5 remarkable women who shaped modern China

Here's to the fearless females who made history in Shanghai and beyond

Photographs: public domain via Wikimedia Commons; artwork: Tana (main)
There's no denying that Shanghai could not be the fabulous city it is today without some fearless and fierce female pioneers helping it on its way. As contemporary global movements bring women's rights and feminism to the forefront of the agenda, we take a look back and celebrate some of those wonderful women.

We talked to Historic Shanghai about five of the many amazing women who shaped the history of modern China.

He Xiangning



A political activist, painter, poet and famous feminist, He Xiangning became a member of Sun Yat-sen’s underground Tongmenghui resistance movement in the early 1900s and under Sun's government was appointed as Minister for Women's Affairs in Guangzhou (then Canton). He pioneered for women's rights and education and in 1924 she organised China’s first rally for International Women’s Day. Three years on from that inaugural event, The Periodic Table of Feminism states that around 25,000 women turned out to march for International Women's Day in Guangzhou.

Soong Ching-ling



One of the three powerful Shanghainese Soong sisters, Ching-ling was the wife of Sun Yat-sen (her sisters Mei-ling and Ai-ling were also married to the two other most powerful men in Republican China Chiang Kai-shek and banker/politician H H Kung, respectively). After Sun’s death in 1925, Ching-ling remained active in politics and later became a major figure for the Communist party. Politics aside, she was well-known for her social development work. Amongst her many achievements, she founded both the Women’s Political Training School (1927) and the China Defense League (1938; now known as the China Welfare Institute), to raise awareness of issues of women's rights and social welfare.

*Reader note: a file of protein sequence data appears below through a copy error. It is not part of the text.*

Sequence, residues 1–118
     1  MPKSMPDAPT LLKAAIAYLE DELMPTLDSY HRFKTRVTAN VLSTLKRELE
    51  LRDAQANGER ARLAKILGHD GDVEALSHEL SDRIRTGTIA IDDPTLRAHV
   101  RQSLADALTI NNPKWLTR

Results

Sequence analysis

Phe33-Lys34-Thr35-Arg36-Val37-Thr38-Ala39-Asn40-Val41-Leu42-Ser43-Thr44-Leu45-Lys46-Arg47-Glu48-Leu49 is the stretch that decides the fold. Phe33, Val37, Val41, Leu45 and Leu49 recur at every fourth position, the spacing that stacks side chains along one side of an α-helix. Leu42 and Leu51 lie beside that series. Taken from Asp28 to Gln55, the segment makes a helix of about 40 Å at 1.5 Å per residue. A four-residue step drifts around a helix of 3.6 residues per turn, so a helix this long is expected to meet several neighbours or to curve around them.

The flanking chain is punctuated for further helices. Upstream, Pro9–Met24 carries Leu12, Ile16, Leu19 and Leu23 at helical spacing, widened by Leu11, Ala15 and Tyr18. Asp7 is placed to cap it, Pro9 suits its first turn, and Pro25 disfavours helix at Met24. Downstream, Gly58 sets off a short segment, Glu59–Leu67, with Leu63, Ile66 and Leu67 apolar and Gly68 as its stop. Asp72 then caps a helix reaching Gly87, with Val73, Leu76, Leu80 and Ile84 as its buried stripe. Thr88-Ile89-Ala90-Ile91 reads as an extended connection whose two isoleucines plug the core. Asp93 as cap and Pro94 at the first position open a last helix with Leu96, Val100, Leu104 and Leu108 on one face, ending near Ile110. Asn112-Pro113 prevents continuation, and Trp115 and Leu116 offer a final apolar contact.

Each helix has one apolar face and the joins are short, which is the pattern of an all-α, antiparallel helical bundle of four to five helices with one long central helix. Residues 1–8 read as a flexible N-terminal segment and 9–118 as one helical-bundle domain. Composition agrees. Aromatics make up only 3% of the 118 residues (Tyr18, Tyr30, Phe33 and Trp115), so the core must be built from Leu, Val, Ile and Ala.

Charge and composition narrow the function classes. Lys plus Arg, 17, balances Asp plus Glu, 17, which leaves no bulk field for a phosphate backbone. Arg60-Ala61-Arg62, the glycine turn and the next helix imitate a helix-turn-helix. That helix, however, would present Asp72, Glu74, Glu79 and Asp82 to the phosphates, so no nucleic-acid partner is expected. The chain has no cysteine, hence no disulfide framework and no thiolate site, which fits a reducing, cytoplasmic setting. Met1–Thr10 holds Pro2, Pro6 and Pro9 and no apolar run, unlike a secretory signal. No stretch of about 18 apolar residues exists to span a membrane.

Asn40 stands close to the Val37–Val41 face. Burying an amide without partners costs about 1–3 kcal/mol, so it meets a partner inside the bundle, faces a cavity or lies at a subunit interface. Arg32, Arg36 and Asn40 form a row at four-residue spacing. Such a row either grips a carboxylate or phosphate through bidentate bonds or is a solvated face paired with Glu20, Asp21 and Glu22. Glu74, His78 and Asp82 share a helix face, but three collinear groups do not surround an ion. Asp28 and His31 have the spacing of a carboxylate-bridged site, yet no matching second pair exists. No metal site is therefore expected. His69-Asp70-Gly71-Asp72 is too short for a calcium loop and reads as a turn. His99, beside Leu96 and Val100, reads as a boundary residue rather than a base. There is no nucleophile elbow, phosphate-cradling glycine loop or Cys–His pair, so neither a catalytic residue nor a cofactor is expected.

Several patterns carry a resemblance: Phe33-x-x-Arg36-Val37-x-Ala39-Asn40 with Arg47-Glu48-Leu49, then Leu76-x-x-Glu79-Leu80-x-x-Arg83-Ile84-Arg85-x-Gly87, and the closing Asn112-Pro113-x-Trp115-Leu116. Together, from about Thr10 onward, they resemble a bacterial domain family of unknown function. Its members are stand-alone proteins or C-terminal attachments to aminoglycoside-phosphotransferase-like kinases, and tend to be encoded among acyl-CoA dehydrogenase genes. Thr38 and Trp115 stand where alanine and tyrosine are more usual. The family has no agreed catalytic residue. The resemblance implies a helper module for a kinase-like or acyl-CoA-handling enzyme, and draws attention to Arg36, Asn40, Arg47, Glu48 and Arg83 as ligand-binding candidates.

Wang Huiwu



Wang Huiwu was the first female leader in the women’s movement in the Communist Party of China. Married to Party founder Li Da, she and her husband both championed women's emancipation, writing and publishing articles on the subject. In the early 1920s she became an editor of women’s political journal Funü Sheng (Women’s Voice) which featured articles written for women, by women covering topics on a number of feminist issues ranging from the struggles of working-class women to birth control.

Zhang Youyi



The subject of Bound Feet and Western Dress, Zhang Youyi was known for going against tradition and famed for being the first woman in China to go through a 'modern divorce' (at the request of her ex-husband, the famous poet Xu Zhimo). But much more than that, she was also known for her excellence in business. Supporting financial independence for women, in 1924 she co-founded and became the Vice President of Shanghai Women’s Commercial and Savings Bank. Largely run by women with majority female customers, it was a space for career women, wives and daughters to independently and safely store their own valuables and money.

Zhang Ailing



Famed both locally and internationally, Zhang Ai-ling (or Eileen Chang) is commonly considered to be one of the greatest Chinese literature authors of her time, known for portraying life in 1940s Shanghai and Hong Kong. A number of her works inspired movie adaptations – including Love in a Fallen City and Lust, Caution – and remain significant today.

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